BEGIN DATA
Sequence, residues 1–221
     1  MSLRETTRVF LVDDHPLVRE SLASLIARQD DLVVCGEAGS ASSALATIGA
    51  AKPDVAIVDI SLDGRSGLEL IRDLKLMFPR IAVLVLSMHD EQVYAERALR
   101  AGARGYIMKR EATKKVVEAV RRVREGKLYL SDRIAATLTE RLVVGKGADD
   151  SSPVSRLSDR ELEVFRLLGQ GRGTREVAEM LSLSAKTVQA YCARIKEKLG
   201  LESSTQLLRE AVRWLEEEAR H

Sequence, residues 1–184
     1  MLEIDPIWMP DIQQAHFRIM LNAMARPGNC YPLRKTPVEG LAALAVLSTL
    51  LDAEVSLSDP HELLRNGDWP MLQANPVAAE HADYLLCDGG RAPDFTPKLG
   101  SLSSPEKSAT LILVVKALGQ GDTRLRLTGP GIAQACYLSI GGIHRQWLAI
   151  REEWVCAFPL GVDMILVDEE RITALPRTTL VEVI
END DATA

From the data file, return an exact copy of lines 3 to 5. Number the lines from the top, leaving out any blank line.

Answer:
    51  AKPDVAIVDI SLDGRSGLEL IRDLKLMFPR IAVLVLSMHD EQVYAERALR
   101  AGARGYIMKR EATKKVVEAV RRVREGKLYL SDRIAATLTE RLVVGKGADD
   151  SSPVSRLSDR ELEVFRLLGQ GRGTREVAEM LSLSAKTVQA YCARIKEKLG